3D printing is already the next-big thing in the tech world, there are new models being released more often, there are new innovations every week and there are more investors throwing money at the darn things that I dare to count. One thing is for certain, 3D printing has a bright future.

Yet with all the talk of printing in 3D, what about scanning in 3D? How do I clone objects for example? Well MakerBot have the solution with their soon to be launched Digitizer Desktop 3D scanner. The scanner will be heading to UK retailer Dynamism for the eye watering price of £1,190.

The scanner will scan an object in 3D and create a file that can be read by a 3D printer, allowing you to make copies or even just digitise objects for editing on your computer. So long at the object fits within 20cm3 you just let the Digitizer spin it around on a turntable while it scans using two lasers and a camera, cool!

Of course things get really expensive when you add in the cost of a MarkerBot 3D printer, which can set you back around £1500 – £2000, so until prices come down, you may need to start saving up.

Thank you PocketLint for providing us with this information.

Image courtesy of PocketLint.

 

South Carolina University Testing Iris Scanner Security

Do you ever worry about how secure something might be, say your personal data that companies, or maybe even schools that you have attended have on file. Of course not, most people just assume that information that is kept on file is kept under lock and key. Unfortunately that is not always the case, and today we can look at the possibility of iris scanners. Iris scanners are not the same technology as retinal scanners. An iris scanner looks at the outside of an eye, using an infrared light.

Mashable reported earlier today about a small college in South Carolina is testing this new security method with their administrators. Winthrop University in Rock Hill, South Carolina is testing out the iris scanners to keep certain buildings secure for about four months now. It seems fairly straight forward and simple, students and faculty stand in front of a mirror, behind the mirror is a camera. The camera is able to work with specially designed software to measure the shape of an eye in 3D as well as record 250 data points on the eye. Once an eye is scanned it is saved in a database for later use, giving the user the ability to gain access to a building with only their eyes.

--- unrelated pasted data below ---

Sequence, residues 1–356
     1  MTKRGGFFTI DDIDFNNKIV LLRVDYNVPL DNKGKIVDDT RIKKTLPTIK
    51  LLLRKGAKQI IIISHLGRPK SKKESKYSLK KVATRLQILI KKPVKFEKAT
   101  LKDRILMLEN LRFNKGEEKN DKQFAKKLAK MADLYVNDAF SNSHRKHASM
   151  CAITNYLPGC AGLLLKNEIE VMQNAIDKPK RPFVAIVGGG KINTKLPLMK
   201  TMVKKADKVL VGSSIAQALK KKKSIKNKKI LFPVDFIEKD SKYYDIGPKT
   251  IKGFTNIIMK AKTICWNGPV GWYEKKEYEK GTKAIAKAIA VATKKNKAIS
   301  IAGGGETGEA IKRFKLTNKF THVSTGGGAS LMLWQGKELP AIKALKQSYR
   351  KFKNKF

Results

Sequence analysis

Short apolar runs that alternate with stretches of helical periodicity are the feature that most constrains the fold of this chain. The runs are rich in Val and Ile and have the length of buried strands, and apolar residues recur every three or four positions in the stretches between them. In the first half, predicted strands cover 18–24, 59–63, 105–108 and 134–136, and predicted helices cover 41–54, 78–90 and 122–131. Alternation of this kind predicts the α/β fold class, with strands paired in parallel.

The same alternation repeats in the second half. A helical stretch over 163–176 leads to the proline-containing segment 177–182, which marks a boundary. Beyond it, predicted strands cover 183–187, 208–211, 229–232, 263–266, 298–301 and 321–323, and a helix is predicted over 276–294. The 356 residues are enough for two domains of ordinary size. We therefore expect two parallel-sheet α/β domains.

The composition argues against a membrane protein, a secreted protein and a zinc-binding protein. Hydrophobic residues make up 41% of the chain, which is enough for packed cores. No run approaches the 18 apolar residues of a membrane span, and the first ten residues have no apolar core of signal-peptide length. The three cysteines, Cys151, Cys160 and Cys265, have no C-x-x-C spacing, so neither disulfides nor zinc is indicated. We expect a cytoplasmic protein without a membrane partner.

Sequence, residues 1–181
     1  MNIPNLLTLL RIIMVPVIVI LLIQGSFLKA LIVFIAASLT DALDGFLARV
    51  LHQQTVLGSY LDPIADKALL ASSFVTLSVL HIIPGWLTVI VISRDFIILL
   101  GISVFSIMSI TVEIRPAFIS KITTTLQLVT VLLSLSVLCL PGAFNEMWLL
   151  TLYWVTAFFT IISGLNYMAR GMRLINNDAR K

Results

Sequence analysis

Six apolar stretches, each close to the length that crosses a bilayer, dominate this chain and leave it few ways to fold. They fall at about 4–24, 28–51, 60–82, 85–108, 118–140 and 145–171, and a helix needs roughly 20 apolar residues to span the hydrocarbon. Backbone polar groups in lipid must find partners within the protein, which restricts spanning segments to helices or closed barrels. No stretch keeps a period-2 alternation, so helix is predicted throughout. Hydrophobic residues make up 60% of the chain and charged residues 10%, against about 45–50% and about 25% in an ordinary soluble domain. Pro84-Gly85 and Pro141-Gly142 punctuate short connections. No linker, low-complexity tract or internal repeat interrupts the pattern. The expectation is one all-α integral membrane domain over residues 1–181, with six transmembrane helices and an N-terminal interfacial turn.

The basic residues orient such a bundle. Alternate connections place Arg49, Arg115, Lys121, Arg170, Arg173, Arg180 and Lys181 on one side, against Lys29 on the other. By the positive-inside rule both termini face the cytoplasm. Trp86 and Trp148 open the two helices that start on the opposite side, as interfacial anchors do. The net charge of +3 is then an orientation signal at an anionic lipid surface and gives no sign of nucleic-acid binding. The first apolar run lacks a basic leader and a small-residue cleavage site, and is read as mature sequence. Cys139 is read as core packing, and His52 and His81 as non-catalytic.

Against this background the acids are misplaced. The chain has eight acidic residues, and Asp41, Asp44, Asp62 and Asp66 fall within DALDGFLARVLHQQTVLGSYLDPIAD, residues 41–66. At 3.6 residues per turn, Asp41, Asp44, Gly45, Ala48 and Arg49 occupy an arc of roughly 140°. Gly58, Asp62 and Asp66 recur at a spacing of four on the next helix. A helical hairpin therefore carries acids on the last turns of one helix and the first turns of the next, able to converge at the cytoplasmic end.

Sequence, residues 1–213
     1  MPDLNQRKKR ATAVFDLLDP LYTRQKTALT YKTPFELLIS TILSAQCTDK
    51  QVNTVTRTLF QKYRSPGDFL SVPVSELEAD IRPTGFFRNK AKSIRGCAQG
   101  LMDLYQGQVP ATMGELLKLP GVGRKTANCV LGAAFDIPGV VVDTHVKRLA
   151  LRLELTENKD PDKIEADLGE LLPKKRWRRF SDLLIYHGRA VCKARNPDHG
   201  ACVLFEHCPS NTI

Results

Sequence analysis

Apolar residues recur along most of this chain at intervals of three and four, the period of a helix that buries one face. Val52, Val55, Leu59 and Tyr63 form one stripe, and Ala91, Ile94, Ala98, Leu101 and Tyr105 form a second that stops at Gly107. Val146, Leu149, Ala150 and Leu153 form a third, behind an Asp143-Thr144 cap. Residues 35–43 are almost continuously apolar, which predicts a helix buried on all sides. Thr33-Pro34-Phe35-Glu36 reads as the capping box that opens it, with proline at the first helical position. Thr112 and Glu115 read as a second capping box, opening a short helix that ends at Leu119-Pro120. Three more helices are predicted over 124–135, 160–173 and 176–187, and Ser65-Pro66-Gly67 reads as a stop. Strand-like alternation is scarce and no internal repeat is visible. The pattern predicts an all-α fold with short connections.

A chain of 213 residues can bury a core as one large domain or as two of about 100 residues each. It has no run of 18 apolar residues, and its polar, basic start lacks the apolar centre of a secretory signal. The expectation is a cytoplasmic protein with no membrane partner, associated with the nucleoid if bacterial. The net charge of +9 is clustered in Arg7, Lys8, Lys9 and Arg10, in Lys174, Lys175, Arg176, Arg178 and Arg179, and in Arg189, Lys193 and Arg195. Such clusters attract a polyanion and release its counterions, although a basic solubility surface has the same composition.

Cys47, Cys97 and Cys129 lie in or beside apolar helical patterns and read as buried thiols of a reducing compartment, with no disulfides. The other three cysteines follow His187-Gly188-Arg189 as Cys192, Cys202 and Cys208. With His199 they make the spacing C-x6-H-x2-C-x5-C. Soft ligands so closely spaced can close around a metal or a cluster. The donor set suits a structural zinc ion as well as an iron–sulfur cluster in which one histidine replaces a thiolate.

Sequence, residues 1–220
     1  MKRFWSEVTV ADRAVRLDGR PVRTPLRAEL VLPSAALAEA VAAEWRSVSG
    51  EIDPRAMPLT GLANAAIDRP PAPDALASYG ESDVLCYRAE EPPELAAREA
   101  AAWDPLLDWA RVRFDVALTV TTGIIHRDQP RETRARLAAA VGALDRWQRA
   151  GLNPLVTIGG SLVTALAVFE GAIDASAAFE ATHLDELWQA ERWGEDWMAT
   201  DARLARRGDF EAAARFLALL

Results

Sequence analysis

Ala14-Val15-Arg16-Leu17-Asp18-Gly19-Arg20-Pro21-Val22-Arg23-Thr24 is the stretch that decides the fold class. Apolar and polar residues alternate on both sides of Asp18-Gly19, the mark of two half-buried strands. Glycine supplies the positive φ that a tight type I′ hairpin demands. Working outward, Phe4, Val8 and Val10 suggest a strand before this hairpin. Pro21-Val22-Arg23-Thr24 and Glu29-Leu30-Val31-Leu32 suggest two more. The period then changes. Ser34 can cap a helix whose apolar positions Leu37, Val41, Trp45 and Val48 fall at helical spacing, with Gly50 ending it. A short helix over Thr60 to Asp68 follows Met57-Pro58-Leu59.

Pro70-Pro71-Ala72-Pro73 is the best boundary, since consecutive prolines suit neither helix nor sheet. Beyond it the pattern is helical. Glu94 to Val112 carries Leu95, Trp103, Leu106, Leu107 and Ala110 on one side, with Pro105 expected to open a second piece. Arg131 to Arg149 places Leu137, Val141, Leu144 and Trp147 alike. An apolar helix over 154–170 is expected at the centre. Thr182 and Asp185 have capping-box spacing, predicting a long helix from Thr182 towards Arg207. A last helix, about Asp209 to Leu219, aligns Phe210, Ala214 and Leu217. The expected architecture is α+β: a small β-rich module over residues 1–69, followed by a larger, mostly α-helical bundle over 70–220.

If someone wants to gain access to a secure building they will need to stand at the door and look at the mirror, the user will then be prompted to look at the mirror allowing the camera and the computer to scan and analyze the eye, then it will either allow or deny access to the building.

This is not a new technology, though it is a near foolproof security method, at this time it is not possible to duplicate someones iris, but would you want just anyone to have the information on your iris stored in a random computer?

Image courtesy of Mashable.